Michael Feldstein addresses "the EDUCAUSE Learning Initiative’s (ELI’s) paper on a Next-Generation Digital Learning Environment (NGDLE) (OLDaily) and Tony Bates’ thoughtful response to it." He also mixes in copious reference to Jim Groom and the Domain of One's Own project, because it's consistent with the ELI paper. There are three major arguments from Bates that he weighs in on (the wording is Feldstein's, lightly edited by me):
- potentially heavy and bureaucratic standards-making process vulnerable to undue corporate influence.
- LEGO is a poor metaphor that suggests an industrialized model.
- NGDLE will push us further in the direction of computer-driven rather than human-driven classes.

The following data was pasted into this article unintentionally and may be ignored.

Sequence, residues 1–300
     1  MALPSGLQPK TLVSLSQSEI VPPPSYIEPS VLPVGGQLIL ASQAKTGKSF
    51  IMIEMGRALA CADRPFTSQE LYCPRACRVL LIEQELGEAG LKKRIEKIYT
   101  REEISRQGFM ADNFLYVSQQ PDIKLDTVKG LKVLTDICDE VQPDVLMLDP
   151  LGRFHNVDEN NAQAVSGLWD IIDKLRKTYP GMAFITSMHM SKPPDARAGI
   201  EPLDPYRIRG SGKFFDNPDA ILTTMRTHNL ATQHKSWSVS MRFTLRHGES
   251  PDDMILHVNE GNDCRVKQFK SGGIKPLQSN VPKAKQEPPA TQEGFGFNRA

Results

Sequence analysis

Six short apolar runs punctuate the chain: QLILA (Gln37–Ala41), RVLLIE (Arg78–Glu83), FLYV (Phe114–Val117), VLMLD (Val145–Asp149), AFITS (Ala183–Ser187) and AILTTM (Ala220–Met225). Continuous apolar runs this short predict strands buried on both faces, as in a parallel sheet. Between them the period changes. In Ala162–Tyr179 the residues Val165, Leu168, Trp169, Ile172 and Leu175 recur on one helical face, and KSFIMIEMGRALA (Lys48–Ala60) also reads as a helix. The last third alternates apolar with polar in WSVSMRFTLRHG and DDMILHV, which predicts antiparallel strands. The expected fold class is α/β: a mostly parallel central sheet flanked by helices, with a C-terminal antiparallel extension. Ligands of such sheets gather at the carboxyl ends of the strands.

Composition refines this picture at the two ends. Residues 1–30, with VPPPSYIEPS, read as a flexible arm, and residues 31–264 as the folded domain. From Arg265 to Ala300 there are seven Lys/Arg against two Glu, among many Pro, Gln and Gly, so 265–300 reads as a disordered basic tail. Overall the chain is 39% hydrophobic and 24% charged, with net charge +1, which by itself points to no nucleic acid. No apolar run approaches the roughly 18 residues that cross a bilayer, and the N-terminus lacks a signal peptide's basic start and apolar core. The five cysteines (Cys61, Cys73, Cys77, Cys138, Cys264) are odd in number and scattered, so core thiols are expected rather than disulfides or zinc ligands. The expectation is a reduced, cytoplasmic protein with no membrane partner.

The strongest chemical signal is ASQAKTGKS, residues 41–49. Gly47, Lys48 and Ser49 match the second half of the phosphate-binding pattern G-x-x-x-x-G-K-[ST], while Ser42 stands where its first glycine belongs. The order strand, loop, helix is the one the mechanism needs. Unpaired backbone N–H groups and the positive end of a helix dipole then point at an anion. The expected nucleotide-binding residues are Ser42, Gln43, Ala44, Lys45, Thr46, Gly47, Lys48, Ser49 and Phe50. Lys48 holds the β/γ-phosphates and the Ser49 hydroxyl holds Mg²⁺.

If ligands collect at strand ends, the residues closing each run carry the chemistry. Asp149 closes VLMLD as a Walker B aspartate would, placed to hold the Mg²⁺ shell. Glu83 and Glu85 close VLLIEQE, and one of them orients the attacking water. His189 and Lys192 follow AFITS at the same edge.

His response to Bates is pretty much encapsulated in this slightly condescending overview: "Folks who are non-technical tend to think of software as a direct implementation of their functional needs, and their understanding of technical standards flows from that view of the world. As a result, it’s easy to overgeneralize the lesson of the learning object metadata standards failures. But the history of computing is one of building up successive layers of abstraction." The thing is, in most areas, increasing levels of abstraction made it simple do do difficult things, but in education, increasing abstraction made it difficult to do simple things. And that's the core of Bates's argument, and I think Feldstein misses it.
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